One of the first orders of business that President Clinton addressed upon taking office in 1993, was how to repay organized labor for its support during his election. Among other things, he appointed the first of three commissions charged with finding the best means for revising the nation's labor laws as they apply to private and public sector workers, to favor organized labor. The Commission on the Future of Worker/Management Relations, known as the Dunlop Commission, held its first meeting in April 1993.
One need look no further than the composition of the commission, chaired by former U.S. labor Secretary John Dunlop, who resigned his post in the Ford administration because the president opposed union-favored common situs picketing, to note its union bias. Other members of the panel include President Carter's Labor Secretary Ray Marshall, three pro-union labor economists and William Gould, who now chairs the National Labor Relations Board and has written extensively about his support of organized labor's agenda.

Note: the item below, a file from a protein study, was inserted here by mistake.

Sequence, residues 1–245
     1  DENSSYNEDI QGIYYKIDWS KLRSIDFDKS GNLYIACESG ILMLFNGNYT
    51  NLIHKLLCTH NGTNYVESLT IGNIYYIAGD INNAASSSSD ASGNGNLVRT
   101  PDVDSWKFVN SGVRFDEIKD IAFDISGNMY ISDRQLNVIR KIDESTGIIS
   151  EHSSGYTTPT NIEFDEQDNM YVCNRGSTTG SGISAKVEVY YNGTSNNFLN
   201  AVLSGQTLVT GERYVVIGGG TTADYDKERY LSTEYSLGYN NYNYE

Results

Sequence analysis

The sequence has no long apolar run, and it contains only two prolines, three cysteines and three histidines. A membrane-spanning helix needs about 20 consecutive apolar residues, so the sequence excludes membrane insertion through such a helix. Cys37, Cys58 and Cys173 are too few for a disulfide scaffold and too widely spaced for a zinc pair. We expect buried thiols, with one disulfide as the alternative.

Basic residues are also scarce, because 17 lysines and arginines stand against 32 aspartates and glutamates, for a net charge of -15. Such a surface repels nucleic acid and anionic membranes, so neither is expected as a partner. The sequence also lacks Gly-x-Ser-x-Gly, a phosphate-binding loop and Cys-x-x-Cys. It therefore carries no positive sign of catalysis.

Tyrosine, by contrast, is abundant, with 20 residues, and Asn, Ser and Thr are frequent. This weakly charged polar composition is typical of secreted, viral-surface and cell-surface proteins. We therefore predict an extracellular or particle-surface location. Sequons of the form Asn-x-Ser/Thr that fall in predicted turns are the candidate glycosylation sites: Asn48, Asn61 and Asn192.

Implicit in the formation of this commission is the Clinton administration's assertion that, during the 1980s, Republican presidents encouraged union-management friction. The commission held meetings for a year and, in May 1994, released a preliminary report on its finding. It sought and received a six-month extension in order to complete its work but has since been forced to seek another, delaying until May 1995 publication of its final report. In "The Dunlop Commission Report: Friends of Unions," Dr. Charles W. Baird offers an analysis of the commission's preliminary report and insight into what its ultimate recommendations will be.